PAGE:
New Systems Developed at WHOI Bring 3-D Immersion to Seafloor, Shipwrecks

Above is an image of a 3-D optical model of the Corsair, a WW II military plane that sits in 115 feet water. The plane ran out of fuel during a routine mission in 1948 about two miles south west of Koko Marina, Hawaii. (Photo by Advanced Imaging and Visualization Laboratory, Woods Hole Oceanographic Institution)

WOODS HOLE – The Woods Hole Oceanographic Institution (WHOI) has developed a new multi-function, underwater imaging system capable of generating ultra-high definition television video, 2-D mosaic imaging, and 3-D optical models of seafloor objects and environments.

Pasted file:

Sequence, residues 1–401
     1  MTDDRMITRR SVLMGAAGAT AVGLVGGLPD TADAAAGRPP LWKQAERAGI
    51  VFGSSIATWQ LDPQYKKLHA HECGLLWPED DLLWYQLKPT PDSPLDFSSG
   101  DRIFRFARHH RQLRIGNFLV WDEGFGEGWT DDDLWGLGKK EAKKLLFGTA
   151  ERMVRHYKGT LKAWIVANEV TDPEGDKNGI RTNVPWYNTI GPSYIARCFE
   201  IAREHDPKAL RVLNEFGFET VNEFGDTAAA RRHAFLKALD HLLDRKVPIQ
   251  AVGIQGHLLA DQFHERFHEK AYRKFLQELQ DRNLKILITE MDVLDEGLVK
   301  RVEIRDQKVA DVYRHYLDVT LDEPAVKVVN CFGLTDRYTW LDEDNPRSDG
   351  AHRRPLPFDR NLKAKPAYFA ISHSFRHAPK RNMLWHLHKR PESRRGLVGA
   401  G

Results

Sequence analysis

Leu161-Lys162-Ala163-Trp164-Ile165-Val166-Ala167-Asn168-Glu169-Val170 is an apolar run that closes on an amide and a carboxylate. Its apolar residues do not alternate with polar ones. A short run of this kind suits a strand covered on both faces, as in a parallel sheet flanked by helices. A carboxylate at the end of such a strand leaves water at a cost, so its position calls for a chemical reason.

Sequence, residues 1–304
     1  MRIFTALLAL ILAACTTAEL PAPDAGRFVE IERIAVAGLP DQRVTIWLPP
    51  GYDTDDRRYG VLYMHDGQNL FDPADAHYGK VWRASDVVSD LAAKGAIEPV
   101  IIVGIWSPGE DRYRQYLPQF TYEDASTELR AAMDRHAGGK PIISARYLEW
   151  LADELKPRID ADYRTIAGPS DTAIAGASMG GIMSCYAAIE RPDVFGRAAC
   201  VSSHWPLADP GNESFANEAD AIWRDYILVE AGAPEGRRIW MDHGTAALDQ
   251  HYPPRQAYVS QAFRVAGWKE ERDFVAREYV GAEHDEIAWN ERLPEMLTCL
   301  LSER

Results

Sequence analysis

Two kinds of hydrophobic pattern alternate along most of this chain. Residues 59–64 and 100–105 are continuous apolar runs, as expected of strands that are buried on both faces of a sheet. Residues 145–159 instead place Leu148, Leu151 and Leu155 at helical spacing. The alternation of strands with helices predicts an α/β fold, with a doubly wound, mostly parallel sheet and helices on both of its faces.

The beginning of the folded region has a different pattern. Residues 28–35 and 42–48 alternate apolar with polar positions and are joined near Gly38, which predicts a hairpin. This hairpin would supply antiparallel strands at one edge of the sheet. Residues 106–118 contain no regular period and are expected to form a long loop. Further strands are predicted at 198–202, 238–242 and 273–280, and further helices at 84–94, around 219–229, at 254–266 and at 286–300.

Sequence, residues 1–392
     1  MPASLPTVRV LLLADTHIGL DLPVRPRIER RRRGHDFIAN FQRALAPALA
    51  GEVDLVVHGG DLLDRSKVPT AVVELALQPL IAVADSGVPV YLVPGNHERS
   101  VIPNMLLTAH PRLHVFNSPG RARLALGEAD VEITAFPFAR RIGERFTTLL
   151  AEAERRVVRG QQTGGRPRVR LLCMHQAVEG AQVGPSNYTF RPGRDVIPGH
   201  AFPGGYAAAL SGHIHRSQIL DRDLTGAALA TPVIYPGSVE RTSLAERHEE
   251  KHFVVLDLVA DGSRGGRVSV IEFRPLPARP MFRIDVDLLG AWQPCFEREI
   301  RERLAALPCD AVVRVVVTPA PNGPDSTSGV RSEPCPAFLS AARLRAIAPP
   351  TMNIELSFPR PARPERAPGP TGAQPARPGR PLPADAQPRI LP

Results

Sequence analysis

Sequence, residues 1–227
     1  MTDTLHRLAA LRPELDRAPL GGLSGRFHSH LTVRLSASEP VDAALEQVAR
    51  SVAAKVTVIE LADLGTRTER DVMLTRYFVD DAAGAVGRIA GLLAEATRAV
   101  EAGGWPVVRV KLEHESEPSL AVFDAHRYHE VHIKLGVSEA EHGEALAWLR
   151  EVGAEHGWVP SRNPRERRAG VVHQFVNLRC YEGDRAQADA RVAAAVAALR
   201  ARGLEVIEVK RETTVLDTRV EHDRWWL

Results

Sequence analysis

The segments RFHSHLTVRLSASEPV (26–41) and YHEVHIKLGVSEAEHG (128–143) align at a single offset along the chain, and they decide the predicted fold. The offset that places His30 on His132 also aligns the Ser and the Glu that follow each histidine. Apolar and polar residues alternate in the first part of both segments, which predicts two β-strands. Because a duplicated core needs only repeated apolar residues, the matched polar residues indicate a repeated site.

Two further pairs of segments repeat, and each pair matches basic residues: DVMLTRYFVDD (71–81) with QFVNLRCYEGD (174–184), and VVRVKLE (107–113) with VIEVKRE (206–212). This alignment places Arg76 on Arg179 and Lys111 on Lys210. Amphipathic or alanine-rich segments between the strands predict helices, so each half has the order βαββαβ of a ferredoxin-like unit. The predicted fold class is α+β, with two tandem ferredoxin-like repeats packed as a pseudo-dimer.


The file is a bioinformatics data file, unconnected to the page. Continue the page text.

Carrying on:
The new state-of-the-art technology is currently being field-tested on several submerged shipwreck sites in both the U.S. and Europe.

The cutting-edge technology will enable rapid production of 3-D optical volumetric models of the seafloor—images that scientists can spin to view from all sides, and zoom in on to visually explore around and inside objects or ocean environments.

The models are helping to transform the way scientists examine study areas, such as coral reefs, marine protected areas, maritime heritage sites, and even hazardous material sites.

Currently, 3-D models take months of processing back in the lab.

But the new underwater imaging system will make the models possible in shorter periods of time—even during expeditions at sea.

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